“An invitation to conversion, avoid evil, learn to do good… ‘Come, arise, come to me, let us reason together, and let us go forward.’ But [you might say] I have so many sins…’ ‘But don’t worry’ [God responds]. ‘If your sins should be like scarlet, they will become white as snow.’ And this is the path of Lenten conversion. Simple. It is the Father who speaks, it is the Father who loves us, who really loves us. And who accompanies us on this path of conversion. Only He asks us to be humble. Jesus says to the rulers: ‘He who exalts himself will be humble; and he who humbles himself will be exalted’.”
Francis concluded his homily by recalling the stages along the path of Lenten conversion: avoiding evil, learning to do good, getting up and going with Him. And then, he said, “our sins will all be forgiven.”
Cardinal Parolin on Anniversary of Francis' Pontificate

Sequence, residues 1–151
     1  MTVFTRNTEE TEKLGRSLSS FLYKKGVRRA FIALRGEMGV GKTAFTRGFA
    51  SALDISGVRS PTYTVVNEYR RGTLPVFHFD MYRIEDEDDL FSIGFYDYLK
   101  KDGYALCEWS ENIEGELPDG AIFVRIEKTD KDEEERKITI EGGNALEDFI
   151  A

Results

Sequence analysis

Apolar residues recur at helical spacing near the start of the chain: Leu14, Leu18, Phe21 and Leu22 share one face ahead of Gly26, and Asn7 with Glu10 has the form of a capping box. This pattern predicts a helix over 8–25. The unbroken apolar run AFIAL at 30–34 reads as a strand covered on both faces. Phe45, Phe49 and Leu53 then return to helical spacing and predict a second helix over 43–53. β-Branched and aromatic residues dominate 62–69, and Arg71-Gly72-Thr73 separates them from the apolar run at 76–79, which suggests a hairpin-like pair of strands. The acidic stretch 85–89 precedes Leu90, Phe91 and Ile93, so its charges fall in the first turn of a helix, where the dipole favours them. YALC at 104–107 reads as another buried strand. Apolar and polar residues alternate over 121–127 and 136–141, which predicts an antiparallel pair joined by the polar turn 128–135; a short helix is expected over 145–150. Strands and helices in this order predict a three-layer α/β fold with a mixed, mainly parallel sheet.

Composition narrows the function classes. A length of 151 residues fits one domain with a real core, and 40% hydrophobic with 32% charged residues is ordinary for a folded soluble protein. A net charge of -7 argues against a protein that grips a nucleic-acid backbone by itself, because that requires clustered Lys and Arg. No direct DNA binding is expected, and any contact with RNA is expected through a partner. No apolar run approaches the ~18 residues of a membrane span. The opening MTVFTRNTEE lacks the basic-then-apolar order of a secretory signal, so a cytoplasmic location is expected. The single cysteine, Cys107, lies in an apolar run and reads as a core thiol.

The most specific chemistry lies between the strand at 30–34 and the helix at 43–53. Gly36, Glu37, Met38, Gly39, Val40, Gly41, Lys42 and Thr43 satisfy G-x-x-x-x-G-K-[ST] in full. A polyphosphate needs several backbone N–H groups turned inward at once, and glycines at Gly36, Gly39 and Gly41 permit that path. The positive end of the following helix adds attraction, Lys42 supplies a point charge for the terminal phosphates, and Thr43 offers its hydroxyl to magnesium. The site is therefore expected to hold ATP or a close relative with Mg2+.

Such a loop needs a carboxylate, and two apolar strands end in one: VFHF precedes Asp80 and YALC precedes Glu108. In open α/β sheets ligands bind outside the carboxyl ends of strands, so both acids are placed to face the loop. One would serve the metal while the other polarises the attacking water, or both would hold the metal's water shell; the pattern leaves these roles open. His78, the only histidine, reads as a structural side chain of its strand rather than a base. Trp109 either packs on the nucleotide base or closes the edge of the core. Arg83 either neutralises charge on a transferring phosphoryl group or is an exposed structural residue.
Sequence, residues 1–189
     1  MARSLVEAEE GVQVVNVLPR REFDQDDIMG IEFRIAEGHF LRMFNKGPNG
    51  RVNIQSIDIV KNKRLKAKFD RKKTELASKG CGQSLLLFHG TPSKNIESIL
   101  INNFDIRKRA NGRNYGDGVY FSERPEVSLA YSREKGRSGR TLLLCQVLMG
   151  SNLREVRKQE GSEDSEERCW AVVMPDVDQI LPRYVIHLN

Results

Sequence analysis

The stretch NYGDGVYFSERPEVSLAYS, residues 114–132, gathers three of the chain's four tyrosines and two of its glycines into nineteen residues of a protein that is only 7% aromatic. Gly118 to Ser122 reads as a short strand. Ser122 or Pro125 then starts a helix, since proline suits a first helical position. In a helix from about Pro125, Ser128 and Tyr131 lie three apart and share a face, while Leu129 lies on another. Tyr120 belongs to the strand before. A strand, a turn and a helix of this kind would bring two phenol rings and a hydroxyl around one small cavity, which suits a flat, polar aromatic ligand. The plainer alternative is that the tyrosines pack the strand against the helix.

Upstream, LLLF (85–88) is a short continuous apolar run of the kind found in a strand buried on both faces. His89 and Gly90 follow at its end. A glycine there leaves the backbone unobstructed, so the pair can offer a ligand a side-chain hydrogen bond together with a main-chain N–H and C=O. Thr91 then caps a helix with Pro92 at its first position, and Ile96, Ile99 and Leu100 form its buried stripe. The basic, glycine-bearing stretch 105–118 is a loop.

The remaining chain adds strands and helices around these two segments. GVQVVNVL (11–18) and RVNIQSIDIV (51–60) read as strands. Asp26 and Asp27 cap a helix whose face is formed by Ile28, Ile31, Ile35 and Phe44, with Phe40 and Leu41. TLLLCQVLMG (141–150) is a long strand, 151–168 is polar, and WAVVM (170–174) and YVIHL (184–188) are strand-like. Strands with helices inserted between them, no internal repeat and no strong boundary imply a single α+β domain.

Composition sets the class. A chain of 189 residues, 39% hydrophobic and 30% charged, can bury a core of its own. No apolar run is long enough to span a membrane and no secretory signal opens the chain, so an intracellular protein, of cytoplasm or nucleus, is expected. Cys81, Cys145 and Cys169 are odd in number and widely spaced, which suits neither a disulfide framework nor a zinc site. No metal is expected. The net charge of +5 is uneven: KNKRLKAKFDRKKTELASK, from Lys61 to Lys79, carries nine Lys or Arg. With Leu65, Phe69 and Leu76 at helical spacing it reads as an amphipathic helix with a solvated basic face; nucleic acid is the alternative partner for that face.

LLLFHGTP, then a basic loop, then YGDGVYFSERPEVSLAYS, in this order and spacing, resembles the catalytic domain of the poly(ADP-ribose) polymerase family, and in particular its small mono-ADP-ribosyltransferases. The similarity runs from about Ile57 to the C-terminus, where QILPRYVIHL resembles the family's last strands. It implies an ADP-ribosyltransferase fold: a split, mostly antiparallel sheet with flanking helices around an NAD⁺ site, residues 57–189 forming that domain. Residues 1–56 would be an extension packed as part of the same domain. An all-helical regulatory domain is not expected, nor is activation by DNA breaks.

2017-03-13 (Vatican Radio). Jorge Bergoglio became the 266th Pope on March 13, 2013. His humble and direct style was immediately clear as he uttered his first words as pontiff: “buona sera.”
Four years on, his reform of the Church and of the Curia ploughs ahead, he continues to enjoy the acclaim of cheering crowds every Wednesday at the weekly General Audience and at all public appearances, his call for mercy and his openness and pastoral outreach towards the peripheries and towards the most vulnerable stand out as constant traits of his ministry.
The past year of France’s pontificate has given us unforgettable moments and important teachings such as the historic embrace with the Russian Orthodox Patriarch Kirill in Cuba, his silent prayer in Auschwitz, the canonization of Mother Teresa, his ecumenical journey to Lund to mark the 500th anniversary of the Reformation, the publishing of his Apostolic Exhortation “Amoris Laetitia”, to name but a few.